Procrastination often stems from emotional factors such as fear of failure, anxiety, or self-doubt. The best way to overcome these emotions and boost productivity is to develop healthy coping mechanisms. One effective strategy is practicing cognitive behavioral techniques, which can help reframe negative thoughts and beliefs. 

Working with a licensed mental health professional such as a psychotherapist or a productivity coach such as our experienced coaches at Flanagan Leadership Group can help individuals identify and overcome self-defeating patterns, ultimately leading to improved productivity and a healthier mindset. Our experts provide personalized guidance and support tailored to each person’s unique challenges and goals, empowering them to break free from the barriers of procrastination and unlock their full potential. 

Click here to schedule a free consultation to see if personal coaching can help you overcome procrastination once and for all. 

Healthy Coping Mechanisms

  • Mindfulness: Practicing mindfulness helps you stay present in the moment and reduces stress associated with chronic procrastination. (source)
  • Self-compassion: Being kind to yourself when facing setbacks can reduce feelings of guilt or shame that contribute to an endless cycle of procrastination. (source)
  • Social support: Connecting with others who share similar struggles allows for mutual encouragement. In addition, they act as accountability partners in overcoming challenges related to procrastination.

FAQs About How to Overcome Laziness and Procrastination

How to Overcome Laziness and Procrastination

Identify root causes, prioritize important tasks, and implement productivity strategies. Also, create a conducive environment, address emotional impacts, and try the Pomodoro Technique. Further, try to meditate, use positive affirmations, and maintain healthy lifestyle habits.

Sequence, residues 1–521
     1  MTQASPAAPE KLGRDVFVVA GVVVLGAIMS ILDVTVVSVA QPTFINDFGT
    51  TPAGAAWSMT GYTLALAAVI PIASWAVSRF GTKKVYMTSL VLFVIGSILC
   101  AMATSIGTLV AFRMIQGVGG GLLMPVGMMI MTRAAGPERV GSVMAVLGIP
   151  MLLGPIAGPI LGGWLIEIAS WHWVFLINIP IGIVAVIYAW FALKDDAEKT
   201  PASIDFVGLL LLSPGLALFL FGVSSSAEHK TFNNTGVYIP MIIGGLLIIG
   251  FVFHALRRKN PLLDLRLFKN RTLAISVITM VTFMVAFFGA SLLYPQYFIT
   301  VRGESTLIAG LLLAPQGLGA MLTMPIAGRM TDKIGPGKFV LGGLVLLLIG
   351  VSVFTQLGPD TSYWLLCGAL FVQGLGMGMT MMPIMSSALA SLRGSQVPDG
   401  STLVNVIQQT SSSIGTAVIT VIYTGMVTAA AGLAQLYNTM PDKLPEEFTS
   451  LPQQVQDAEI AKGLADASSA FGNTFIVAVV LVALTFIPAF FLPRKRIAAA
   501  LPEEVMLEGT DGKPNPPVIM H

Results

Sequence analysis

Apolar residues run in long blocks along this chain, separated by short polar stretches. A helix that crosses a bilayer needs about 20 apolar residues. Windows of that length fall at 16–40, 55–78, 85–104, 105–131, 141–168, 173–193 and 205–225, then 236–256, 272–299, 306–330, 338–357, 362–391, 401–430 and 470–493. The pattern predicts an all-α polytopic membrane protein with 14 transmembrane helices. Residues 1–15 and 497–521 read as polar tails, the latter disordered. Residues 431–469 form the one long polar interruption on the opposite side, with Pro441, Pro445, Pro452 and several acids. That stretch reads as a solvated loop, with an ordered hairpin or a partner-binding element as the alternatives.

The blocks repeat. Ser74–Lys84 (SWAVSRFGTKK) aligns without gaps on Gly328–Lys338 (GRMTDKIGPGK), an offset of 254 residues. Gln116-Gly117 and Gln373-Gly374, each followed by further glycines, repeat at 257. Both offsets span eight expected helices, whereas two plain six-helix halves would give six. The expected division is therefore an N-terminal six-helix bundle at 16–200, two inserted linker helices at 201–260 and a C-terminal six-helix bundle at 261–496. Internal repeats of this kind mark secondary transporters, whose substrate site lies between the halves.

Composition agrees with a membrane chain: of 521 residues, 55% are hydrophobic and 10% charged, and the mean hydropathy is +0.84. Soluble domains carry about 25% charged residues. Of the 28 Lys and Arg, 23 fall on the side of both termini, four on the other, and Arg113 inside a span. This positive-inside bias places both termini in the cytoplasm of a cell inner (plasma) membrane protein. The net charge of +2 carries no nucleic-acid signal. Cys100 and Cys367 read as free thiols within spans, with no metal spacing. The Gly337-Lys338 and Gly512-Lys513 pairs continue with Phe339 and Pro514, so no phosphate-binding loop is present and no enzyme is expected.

Root Causes of Laziness and Procrastination

Fear of failure or success, perfectionism, lack of motivation or interest, low self-confidence, poor time management skills, and overwhelming workload.

Overcoming Procrastination When Reading Articles

Create specific goals, schedule dedicated time slots, prioritize important articles, and use speed-reading tools.

How to Overcome Extreme Laziness

Analyze underlying reasons, break an unpleasant task into smaller steps, set achievable goals and deadlines, and increase dopamine levels through exercise, diet, or other motivating activities.

Related: What is Neurodiversity?


So, how can you overcome laziness and procrastination?

Start by taking action towards your big goals.

Here’s a breakdown of our tips for overcoming laziness and procrastination:

  • In the first place, try to identify the root cause of your procrastination and address it head-on.
  • Make a to-do list, set goals, and prioritize tasks based on importance and urgency.
  • Use focus-enhancing techniques such as the Pomodoro technique or time-blocking.
  • Another important step is to create a conducive environment by eliminating distractions and setting up a comfortable workspace.
  • Address the emotional impacts of procrastination by practicing self-compassion and positive self-talk.
  • Stay motivated by celebrating small wins and tracking progress towards your goals.
  • Ask for professional help or talk to a family member.

Banish procrastination and laziness using these strategies on a daily basis. So, start implementing these healthy coping mechanisms today and take control of your productivity. 

In conclusion, overcoming procrastination is a crucial step towards achieving success and personal growth. By using these strategies and working with a licensed mental health professional or a productivity coach like the experienced coaches at Flanagan Leadership Group, you can effectively address self-defeating patterns and unlock your full potential. 

Our experts offer personalized guidance and support tailored to your unique challenges and goals, empowering you to break free from the barriers of procrastination. 

Don’t let procrastination hold you back any longer.

Click here to schedule a free consultation and discover how personal coaching can help you conquer procrastination for good.